After the SAFE vote in US House, here’s what you need to know about the current state of banking in the marijuana industry

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The U.S. House of Representatives’ vote approving legislation that would pave the way for financial institutions and insurance companies to serve state-legal marijuana businesses without fear of reprisal is a milestone for the cannabis industry.

Nevertheless, the 321-103 House vote is but another step on a long and often bumpy legal road toward changing how marijuana businesses handle their finances.

Until we find out whether the SAFE Banking Act will make it to a vote on the Senate floor, here’s what you need to know about the current state of banking in the cannabis industry, as previously reported by Marijuana Business Magazine.

How it got started

In 2013, while serving as assistant deputy chief at the U.S. Department of Justice, John Vardaman co-wrote the landmark Cole Memo outlining how financial institutions can open and service accounts for marijuana-touching businesses.

In effect, the memo gave banks and credit unions the U.S. government’s tacit blessing to serve cannabis businesses, contrary to federal banking laws.

Now chief compliance officer and general counsel with Simplifya, a company that helps cannabis businesses manage compliance requirements, Vardaman discussed in an interview how the banking memo came to be, what he would have done differently and his outlook at the time for cannabis banking.

The interview can be accessed here.

Understanding the rules

Knowing the procedures your banker must follow to take your marijuana company’s cash is the first step to landing and maintaining a solid banking relationship, according to Ken Berke, co-founder and CEO of PayQwick, a firm that offers electronic payment solutions for cannabis companies and works with banks servicing the industry to help keep them compliant.

Banks that do service the industry must follow a complicated patchwork of federal guidance and costly compliance rules – or risk losing their charter, Berke noted.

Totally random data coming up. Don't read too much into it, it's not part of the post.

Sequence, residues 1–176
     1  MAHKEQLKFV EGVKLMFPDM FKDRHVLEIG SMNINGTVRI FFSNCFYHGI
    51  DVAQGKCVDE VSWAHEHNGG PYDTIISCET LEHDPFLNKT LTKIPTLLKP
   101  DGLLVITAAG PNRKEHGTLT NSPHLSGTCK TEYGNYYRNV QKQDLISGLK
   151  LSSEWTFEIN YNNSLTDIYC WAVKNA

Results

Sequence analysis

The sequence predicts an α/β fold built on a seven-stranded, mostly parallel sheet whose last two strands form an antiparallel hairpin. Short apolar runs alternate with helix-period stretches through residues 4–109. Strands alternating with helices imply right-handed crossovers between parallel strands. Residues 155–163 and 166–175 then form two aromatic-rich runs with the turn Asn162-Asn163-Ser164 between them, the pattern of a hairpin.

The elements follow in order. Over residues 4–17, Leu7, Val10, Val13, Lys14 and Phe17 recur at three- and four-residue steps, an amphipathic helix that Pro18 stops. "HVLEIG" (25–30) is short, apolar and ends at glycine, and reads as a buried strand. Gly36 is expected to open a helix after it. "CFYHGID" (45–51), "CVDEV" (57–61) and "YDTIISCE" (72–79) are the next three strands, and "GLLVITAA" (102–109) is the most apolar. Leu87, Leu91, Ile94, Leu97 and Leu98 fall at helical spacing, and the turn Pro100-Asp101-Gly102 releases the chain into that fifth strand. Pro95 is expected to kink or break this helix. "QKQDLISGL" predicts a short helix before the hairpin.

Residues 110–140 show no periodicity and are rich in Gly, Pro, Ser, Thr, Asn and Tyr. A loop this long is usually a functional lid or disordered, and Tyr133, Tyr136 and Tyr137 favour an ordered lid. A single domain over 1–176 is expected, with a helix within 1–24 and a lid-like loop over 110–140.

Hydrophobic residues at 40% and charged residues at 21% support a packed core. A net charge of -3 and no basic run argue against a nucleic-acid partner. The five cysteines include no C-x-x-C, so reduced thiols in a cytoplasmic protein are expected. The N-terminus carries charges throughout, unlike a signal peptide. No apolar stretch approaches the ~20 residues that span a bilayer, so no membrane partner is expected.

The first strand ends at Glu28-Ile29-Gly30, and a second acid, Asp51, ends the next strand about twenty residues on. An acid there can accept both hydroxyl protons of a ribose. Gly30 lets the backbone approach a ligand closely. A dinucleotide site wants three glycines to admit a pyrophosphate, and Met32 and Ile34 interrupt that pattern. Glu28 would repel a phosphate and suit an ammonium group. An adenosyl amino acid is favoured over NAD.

We spoke with Berke about why marijuana businesses should put themselves “in the shoes of your banker (to) know what’s important to them.”

To read the full interview, go here.

Landing a bank account

Despite greater public, political and legal acceptance of cannabis, opening an account at an accredited bank or credit union remains one of the most difficult challenges of running a marijuana business.

While banking pickings are slim – 715 banks and credit unions were serving U.S. marijuana-related companies at the end of the second quarter, according to federal data – every state has at least one financial institution that serves cannabis businesses, said Gary Rosen, a partner in the advisory group of Marcum, a national business and accounting firm.

What does it take for a marijuana business to land an account at one of these banks or credit unions? That depends on the internal financial and compliance controls the business has and how thorough and organized its records are. The state where a marijuana company operates can also play a role.

To learn more, click here.

Maintaining your account

Cannabis businesses that have managed to land an account say doing so involves a lot of determination, ample preparation, a bit of luck and – more often than not – some connections.

But establishing an account is only half the battle.

Keeping it can be just as hard, while monthly fees can chip away at your bottom line.

To read about not only the complexities in getting an account, but how maintaining it also requires a lot of precise reporting on the part of dispensary owners, click here.

Banking-related services

While the industry waits to see what the federal government does about banking, a small but significant subsector of companies has emerged in recent years, focusing on connecting marijuana-related businesses with bank accounts and related services, such as the ability to accept electronic payments.

Here’s a look back at some banking-related services that cannabis companies have been able to call upon.

But keep in mind: No two banking or payment solution companies offer the same services. Some are extremely selective about their client base.